Well think about it this way. Developers make for the users, and the simpler the development pipeline is the closer that we can bridge that gap between the developer user and the non-developer user.
If we can make things simpler, that means that more people can make edits and changes to diversify the ecosystem to find the best practices that will suit all users. If it’s a black box, it’ll never get changed, fixed or improved on.
e.g. in practice: Flow app. Great app, but of course plenty of things we would want done to it. Guess what? No one does those edits. Why? It’s all freely available in one JS file right there! Well because it’s too difficult and therefore not worth many people’s time. Result? Nothing gets iterated on. Dead-end until the original devs decide to move forward with it.
This hurts the developers, and since developers can’t fix it, it hurts the users. All users.
I’m advocating for a system that is easy on developers and therefore easy on the users, and everyone in between.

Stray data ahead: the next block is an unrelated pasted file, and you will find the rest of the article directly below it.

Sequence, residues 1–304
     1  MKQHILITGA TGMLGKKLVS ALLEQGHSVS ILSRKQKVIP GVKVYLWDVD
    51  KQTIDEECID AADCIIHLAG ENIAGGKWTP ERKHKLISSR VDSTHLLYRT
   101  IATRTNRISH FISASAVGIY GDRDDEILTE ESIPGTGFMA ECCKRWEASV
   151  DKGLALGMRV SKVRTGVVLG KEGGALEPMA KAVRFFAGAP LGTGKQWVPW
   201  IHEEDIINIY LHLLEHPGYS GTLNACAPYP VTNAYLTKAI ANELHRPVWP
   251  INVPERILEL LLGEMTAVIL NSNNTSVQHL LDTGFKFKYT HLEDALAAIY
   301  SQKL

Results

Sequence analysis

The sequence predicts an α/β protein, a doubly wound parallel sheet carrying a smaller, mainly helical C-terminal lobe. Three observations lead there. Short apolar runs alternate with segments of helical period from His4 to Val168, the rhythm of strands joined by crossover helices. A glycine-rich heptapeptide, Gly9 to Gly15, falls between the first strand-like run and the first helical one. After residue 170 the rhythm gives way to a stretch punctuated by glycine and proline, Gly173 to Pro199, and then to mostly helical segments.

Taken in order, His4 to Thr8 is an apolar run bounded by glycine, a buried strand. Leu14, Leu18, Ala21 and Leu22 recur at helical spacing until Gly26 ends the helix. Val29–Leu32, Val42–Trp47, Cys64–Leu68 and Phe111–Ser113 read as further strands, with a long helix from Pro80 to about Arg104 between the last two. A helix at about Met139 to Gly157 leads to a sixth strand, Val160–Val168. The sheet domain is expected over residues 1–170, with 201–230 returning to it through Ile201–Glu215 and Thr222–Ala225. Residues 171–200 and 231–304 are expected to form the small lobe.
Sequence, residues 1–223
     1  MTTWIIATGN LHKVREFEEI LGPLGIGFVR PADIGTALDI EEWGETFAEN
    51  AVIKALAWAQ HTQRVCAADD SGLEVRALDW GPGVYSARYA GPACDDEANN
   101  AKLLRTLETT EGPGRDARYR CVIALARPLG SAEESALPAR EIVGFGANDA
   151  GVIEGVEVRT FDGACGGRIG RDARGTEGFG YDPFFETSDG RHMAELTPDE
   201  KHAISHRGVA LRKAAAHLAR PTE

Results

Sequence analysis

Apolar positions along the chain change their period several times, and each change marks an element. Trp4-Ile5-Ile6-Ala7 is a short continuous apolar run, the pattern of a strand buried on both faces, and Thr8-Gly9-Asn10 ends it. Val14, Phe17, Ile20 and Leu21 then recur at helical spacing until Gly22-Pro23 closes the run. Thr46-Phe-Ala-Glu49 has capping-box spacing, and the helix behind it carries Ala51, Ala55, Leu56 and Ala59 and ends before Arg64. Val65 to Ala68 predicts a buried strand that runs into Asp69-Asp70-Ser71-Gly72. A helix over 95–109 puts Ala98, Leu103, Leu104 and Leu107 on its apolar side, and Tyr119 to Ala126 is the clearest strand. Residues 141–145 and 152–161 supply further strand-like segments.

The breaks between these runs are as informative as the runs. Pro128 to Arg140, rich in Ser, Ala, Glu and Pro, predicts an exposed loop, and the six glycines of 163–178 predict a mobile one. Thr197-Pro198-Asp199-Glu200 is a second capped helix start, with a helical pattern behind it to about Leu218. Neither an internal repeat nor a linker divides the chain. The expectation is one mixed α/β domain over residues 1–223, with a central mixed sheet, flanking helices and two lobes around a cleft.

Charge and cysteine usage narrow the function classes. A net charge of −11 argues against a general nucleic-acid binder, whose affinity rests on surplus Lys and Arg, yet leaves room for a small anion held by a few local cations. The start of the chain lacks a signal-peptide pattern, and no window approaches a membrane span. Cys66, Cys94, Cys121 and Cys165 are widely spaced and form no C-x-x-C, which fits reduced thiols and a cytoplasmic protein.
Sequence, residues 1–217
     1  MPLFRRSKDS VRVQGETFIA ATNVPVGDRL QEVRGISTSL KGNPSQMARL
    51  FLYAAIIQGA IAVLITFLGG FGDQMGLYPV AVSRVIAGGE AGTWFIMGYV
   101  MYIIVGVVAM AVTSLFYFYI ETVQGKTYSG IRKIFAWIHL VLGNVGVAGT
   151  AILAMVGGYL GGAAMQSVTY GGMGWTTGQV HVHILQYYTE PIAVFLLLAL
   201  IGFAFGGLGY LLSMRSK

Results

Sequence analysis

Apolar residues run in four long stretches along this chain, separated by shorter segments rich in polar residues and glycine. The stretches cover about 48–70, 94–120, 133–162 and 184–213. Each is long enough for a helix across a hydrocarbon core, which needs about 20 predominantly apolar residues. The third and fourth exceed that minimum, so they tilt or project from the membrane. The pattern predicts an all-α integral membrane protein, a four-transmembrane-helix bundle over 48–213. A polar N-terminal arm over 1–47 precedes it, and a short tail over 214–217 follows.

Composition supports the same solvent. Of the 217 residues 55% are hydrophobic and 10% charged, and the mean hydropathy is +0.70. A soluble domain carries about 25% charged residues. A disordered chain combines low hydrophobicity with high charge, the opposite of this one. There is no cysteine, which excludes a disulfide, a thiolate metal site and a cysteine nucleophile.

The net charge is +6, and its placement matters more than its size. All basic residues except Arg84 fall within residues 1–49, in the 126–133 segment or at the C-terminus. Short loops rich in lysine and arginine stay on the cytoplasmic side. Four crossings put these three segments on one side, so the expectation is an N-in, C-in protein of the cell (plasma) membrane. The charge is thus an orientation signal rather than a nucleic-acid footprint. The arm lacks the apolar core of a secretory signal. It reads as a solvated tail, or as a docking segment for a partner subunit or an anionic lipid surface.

Fact: We have more people on High Fidelity that know how to script basically in HiFi (at least at a beginner level) than know how to utilize and extend XMPP. That in it of itself puts XMPP in a poor position.
There are ways of using the Private/Public key pairs that already exist in HiFi and core systems that can be used to send messages. It already exists and with some wiring up, it would be all operational and scriptable. In the end, the idea should be to make this simpler and of course more secure. Using private/public key pairs at least means that the carrier need not matter for now as it cannot be broken otherwise unless someone had your key. This means we can expand and carry our messages over websockets later if we wanted, it doesn’t matter!
Utilizing existing systems and expanding on our current API is all that it would take to make this work, then we can expand in other ways if we wish. But at least we have a baseline set that anyone and everyone can understand.
Generativity cannot happen in a black box.